Business / Economy

Latest statistics show increasing parity, though doubts still remain

By Shi Jing in Shanghai (China Daily) Updated: 2014-01-21 14:47

Latest statistics show increasing parity, though doubts still remain

China's Gini coefficient index declined for the fifth consecutive year in 2013 to reach 0.473, according to figures disclosed by the National Bureau of Statistics on Monday.

The result is based on 400,000 households surveyed throughout the country.

The Gini coefficient index, as defined by the World Bank, measures the extent to which the distribution of income or expenditure among individuals or households within an economy deviates from a perfectly equal distribution. A Gini index of 0 represents perfect equality and an index of 1 represents perfect inequality.

The figure prompted different views. Some considered it lower than expected. Yang Weixiao, a senior analyst specializing in macroeconomics and fixed income from Lianxun Securities Beijing, said the figure based on a national average is very likely to be "under-reported".

"First of all, it is widely perceived by the general public that the income gap is widening. In addition, any calculation on property income or off-payroll income is not included in this research. The calculation of farmers' incomes is not researched proportionately. Therefore, it is hard to say whether it truly reflects the big picture," said Yang.

Chen Yanli, a mid-level administrator at a multinational company in Shanghai, makes roughly 12,000 yuan ($1,960) every month. She is quite content with her current income, saying she has "no ambition to compare her income with that of the so-called rich second generation". But she has also sensed a huge income disparity, especially between those who perform simple manual work and the super rich who spend lavishly on luxury cars.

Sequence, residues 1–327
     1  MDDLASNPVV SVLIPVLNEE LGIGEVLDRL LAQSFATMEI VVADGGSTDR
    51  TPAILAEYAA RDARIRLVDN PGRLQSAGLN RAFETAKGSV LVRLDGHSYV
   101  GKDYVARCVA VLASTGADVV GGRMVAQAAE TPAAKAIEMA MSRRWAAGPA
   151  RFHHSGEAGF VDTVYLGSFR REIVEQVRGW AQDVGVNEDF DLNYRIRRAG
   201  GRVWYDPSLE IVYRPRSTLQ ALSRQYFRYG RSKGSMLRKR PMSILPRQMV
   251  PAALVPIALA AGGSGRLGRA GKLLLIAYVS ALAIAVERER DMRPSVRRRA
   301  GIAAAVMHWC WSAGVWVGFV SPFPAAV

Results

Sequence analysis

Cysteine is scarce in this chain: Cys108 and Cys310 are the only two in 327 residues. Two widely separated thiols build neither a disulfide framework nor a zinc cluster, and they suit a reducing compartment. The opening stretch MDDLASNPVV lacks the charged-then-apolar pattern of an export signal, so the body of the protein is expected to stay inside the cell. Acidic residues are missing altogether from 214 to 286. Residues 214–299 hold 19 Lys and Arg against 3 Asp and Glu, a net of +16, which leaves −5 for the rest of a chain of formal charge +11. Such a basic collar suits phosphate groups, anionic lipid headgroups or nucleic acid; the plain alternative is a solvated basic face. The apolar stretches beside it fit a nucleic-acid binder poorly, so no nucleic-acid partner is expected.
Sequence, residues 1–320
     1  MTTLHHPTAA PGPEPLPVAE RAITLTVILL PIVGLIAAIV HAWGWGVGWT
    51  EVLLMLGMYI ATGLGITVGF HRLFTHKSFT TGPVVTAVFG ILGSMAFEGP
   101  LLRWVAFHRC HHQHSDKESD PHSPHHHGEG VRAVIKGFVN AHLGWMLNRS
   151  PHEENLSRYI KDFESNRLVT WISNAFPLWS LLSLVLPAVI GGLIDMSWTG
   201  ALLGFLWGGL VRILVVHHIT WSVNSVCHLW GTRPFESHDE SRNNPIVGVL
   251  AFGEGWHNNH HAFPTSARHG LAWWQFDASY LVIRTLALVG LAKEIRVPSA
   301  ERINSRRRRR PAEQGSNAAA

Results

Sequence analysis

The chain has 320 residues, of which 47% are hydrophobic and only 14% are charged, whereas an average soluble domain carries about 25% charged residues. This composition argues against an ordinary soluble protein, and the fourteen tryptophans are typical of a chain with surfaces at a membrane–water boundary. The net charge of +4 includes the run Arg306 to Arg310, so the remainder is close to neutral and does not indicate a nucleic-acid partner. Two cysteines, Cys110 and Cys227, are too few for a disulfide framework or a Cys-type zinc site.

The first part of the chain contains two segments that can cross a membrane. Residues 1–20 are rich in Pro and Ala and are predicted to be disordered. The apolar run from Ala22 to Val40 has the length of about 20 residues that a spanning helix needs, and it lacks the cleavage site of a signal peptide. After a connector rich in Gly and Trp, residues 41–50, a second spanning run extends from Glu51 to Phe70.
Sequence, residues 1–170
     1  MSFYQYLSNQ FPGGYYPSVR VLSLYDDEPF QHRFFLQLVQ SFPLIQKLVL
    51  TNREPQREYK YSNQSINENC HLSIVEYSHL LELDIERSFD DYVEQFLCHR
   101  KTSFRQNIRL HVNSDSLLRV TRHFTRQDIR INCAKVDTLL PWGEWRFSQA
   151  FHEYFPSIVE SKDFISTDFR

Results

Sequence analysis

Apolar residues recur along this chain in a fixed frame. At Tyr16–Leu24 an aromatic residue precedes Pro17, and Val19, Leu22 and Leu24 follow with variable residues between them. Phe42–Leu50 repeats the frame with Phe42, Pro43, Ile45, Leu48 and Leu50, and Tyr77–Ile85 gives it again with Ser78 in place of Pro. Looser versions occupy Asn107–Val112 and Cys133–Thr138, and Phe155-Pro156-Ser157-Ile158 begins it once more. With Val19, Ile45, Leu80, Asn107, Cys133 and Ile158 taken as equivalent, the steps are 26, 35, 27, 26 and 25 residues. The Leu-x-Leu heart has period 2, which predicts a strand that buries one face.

"It is really the workers living on the bottom rung of the social hierarchy who are likely to call for an immediate income distribution revolution. They earn so little and work for such a long time. They are simply too tired to spend," she said.

Regarding this, Ma Jiantang, chief of the statistics bureau, reiterated the importance of deepening the income distribution revolution as well as increasing the wage of low and medium-income people. He also said it is crucial to regulate legal income and crack down on illegal sources of cash to ensure a more rational income distribution.

However, Ma said a reading above 0.4 still indicates much room for improvement regarding income distribution according to World Bank standards.

Yiping Huang, chief economist of emerging Asia at Barclays Capital, said it was "not in a position to judge the accuracy of the estimated Gini coefficients". But it has noticed a steady improvement since 2008, suggesting a largely under-appreciated trend of structural improvement.

"The trend of the coefficients provided by the statistics bureau looks reasonable to us (although we will have to wait and see if declining inequality has become a new trend). In fact, we believe these data constitute evidence of a largely under-appreciated trend of structural improvement in recent years. Such improvements include, among others, improvements in income distribution, increases in the share of household income within the national income and the share of consumption of the gross domestic product, a narrowing of the current account surpluses and the declining energy intensity of the economy," said Huang.

Economists at Barclays Capital have also noticed a rapid wage growth in recent years, which, they explained, was probably also behind the recent improvements in income distribution highlighted by the statistics bureau, because low-income households rely more on wage income and high-income households rely on investment returns or corporate profits.

"If the past trend was households subsidizing corporations, then the new trend is redistribution of income from corporations to households as rising labor costs increase wage incomes but squeeze corporate profits," said Huang.

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